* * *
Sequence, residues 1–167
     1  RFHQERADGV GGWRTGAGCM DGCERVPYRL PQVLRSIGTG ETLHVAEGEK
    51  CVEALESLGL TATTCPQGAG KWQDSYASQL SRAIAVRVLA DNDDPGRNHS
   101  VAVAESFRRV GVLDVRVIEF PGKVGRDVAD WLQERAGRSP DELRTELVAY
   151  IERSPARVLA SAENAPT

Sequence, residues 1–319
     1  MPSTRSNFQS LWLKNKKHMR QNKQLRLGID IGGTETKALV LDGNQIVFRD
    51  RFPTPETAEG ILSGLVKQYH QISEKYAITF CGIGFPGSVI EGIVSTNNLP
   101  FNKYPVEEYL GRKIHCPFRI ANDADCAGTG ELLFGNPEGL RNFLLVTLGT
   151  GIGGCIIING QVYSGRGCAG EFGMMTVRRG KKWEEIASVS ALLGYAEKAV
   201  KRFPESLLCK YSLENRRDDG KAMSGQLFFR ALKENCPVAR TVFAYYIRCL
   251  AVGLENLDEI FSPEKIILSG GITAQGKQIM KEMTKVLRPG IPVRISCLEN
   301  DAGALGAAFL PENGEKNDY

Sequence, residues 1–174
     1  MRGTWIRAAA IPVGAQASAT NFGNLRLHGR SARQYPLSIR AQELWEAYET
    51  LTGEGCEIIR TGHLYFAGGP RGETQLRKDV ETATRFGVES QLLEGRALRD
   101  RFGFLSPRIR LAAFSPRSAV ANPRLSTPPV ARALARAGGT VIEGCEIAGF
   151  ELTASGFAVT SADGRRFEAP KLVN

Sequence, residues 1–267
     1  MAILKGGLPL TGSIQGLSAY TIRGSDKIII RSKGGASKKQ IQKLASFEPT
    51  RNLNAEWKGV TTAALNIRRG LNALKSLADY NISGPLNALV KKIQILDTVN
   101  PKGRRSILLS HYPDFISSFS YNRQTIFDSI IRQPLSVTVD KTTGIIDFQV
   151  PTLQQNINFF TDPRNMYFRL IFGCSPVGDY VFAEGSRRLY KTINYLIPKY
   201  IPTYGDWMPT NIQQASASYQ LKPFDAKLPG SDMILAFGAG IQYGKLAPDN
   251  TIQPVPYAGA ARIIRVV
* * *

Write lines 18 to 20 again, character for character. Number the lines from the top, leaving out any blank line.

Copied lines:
   151  ELTASGFAVT SADGRRFEAP KLVN

Sequence, residues 1–267
     1  MAILKGGLPL TGSIQGLSAY TIRGSDKIII RSKGGASKKQ IQKLASFEPT